I don’t know why opera directors nowadays seem to think that every goddamn opera production needs to have dance in it. Maybe it’s some misguided attempt to make opera the most complete artform ever, but except in operas where dancing is specifically mentioned, it doesn’t work. And I really don’t think it would be missed. Opera fans and ballet/dance fans don’t seem to overlap that much. In Doctor Atomic, the dancing was just bathetic and pathetic. Peggy “I can suck the barnacles off a ship’s hull literally and figuratively” Hickey (the horrible choreographer who LA Opera insists on hiring) apparently has a Northern California cousin—Lucinda Childs. Childs’s choreography was too literal, too silly, too distracting, and too repetitive. Why repeat something that has no apparent meaning to begin with? I imagine that the movements might have some significance to the choreographer, but I think it’s lost on the audience. I had to bite my lip to keep from laughing when female dancers dressed in army uniforms were carried across the stage while striking oh-so-dramatic poses, especially because up until that point, everything had been very normal. Why would a potentially catastrophic incident need to be illustrated by a group of dancers doing very simple ballet exercises in the background, when the music tells us that doings are a-transpirin’, and the singers are showing us that with their voices and their acting? Since the libretto, the program notes, and common sense tell us that Doctor Atomic is about the making of the first atomic bomb, do we really need to have dancers miming bomb-making (though it actually looked like they were making martinis; “I like my uranium-235 shaken, not stirred.”)? It was very hard to keep a straight face when one of the characters sang the word “fallout”, and the lights went all orange and all the dancers starting writhing around in a pile. Because fallout is BAD, mmmkay? And ow! Having a giant anvil fall on your head really hurts.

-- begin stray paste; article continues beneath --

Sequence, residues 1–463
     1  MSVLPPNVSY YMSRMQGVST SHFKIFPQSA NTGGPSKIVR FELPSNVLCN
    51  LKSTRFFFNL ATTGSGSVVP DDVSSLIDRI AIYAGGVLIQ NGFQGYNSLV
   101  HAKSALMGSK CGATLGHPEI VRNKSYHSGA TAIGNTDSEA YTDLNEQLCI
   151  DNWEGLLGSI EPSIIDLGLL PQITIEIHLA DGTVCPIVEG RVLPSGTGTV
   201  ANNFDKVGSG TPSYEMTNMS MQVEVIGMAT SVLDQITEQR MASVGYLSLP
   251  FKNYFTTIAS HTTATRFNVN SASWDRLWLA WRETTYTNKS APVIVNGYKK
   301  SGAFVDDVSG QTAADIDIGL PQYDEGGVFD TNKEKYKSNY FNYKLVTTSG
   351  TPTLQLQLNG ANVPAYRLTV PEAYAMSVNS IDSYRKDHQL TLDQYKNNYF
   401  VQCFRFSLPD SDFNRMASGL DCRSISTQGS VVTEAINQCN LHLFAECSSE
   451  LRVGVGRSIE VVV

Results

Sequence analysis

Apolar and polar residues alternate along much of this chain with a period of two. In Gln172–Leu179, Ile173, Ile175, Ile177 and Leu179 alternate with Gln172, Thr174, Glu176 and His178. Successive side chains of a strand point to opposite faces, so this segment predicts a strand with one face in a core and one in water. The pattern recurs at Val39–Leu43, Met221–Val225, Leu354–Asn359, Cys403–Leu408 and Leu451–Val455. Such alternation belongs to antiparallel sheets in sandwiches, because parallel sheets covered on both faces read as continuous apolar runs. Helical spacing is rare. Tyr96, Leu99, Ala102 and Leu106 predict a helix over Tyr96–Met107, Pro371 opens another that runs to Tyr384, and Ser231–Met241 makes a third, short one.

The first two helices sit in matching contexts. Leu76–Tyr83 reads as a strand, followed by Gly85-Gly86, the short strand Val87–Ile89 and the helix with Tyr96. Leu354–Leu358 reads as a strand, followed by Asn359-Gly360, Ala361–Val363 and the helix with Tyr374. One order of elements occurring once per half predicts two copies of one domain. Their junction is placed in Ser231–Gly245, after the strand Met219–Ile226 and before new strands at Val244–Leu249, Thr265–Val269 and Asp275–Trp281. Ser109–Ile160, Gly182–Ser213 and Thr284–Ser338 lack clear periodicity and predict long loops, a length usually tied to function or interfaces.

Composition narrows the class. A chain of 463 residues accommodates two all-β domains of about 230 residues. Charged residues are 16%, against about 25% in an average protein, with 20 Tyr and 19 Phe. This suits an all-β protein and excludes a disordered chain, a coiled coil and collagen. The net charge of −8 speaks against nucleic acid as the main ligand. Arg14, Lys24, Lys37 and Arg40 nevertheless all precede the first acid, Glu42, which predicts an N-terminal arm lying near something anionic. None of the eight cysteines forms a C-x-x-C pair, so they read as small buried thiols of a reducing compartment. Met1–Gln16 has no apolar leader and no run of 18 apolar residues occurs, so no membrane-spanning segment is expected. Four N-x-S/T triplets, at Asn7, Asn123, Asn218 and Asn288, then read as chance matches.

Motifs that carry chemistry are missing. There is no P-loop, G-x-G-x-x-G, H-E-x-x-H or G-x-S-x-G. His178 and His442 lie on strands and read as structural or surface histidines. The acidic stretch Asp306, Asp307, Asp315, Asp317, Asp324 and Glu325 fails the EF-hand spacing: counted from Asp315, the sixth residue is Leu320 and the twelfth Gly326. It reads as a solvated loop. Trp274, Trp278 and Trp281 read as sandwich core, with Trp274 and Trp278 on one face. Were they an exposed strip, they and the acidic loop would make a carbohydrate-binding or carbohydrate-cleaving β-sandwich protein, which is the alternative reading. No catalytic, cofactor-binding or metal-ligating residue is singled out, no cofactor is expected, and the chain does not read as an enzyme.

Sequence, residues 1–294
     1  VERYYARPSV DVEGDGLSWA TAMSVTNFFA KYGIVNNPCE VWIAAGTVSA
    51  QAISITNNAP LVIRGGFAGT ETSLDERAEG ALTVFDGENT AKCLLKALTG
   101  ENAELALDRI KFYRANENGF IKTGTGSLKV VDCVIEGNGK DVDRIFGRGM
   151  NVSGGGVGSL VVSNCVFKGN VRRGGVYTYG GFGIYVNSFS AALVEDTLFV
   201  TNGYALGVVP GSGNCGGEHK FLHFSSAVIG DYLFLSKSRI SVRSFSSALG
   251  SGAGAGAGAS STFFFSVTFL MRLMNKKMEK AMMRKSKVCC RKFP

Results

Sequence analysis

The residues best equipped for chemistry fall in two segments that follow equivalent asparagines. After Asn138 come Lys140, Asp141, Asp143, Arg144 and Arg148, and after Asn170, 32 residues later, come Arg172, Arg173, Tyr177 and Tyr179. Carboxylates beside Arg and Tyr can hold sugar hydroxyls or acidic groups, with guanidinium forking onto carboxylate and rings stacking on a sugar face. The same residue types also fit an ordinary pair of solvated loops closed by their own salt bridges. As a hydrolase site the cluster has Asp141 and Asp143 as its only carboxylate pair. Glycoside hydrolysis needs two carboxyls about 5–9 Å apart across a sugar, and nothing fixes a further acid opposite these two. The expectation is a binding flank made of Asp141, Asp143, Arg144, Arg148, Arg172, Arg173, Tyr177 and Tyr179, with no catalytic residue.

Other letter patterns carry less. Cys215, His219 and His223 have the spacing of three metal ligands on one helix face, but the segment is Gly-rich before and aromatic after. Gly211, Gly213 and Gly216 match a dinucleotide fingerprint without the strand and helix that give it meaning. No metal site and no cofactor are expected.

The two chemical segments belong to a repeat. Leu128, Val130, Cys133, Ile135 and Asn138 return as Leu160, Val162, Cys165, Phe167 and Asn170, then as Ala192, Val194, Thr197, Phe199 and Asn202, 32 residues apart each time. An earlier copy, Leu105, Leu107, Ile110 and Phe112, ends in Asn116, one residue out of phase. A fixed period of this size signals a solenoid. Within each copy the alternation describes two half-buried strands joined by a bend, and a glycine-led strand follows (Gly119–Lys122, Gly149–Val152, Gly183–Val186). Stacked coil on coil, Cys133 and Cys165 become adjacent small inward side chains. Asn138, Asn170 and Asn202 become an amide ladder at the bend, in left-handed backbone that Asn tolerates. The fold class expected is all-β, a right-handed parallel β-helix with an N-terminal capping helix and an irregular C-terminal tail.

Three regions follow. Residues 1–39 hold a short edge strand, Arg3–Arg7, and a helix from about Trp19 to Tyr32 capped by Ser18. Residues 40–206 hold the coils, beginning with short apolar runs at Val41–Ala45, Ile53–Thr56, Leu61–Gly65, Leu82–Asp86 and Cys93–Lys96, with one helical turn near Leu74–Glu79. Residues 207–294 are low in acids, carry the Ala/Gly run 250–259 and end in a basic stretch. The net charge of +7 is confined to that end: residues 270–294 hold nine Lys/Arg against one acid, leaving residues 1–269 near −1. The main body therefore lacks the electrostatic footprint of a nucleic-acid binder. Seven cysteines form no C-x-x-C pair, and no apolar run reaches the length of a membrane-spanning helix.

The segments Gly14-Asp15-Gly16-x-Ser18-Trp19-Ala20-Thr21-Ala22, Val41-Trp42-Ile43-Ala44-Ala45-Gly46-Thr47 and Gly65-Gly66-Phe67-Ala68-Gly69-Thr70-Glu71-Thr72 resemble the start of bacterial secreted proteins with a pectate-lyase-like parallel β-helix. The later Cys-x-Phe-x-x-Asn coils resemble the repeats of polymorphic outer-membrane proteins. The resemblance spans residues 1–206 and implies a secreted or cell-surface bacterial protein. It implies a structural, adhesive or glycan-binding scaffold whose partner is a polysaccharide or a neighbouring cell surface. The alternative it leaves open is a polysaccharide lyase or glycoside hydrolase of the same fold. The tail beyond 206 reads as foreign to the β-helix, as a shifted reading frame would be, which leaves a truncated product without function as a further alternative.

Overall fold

But the lame choreography didn’t end with the dancers. It also infected the chorus. During the five-minute (actually twenty minute; apparently when time slows down, it also gets very boring) countdown, the chorus sang about a terrifying apparition of Vishnu. A second earlier, they had been scientists, milling around drinking government coffee and munching on government ham (and cheese) sandwiches, but suddenly, the lights went all psychedelic and they THREW down their ham sandwiches and started doing what amounted to Head, Shoulder, Knees and Toes on crack, touching each part of their body as they sang about it. The high point was when they got to “teeth” and they mimed the “nasty, big, pointy teeth” à la Tim the Wizard from Monty Python and the Holy Grail. It was like a chorus of hypnotized Alan Partridges who’ve just heard the word “Aha!” *grr*

Speaking of terrifying apparitions of Vishnu, the program notes say that one appears in the night sky before the bomb test. Hrm. That wasn’t really made clear in the opera, and I personally find it kind of, I don’t know, dumb. Clearly, Oppenheimer knew the Bhagavad Gita, but Average Joe Scientist/Buddy Holly Impersonator? I don’t know think so. Realism: 0; Adams/Sellars bullshit: 2.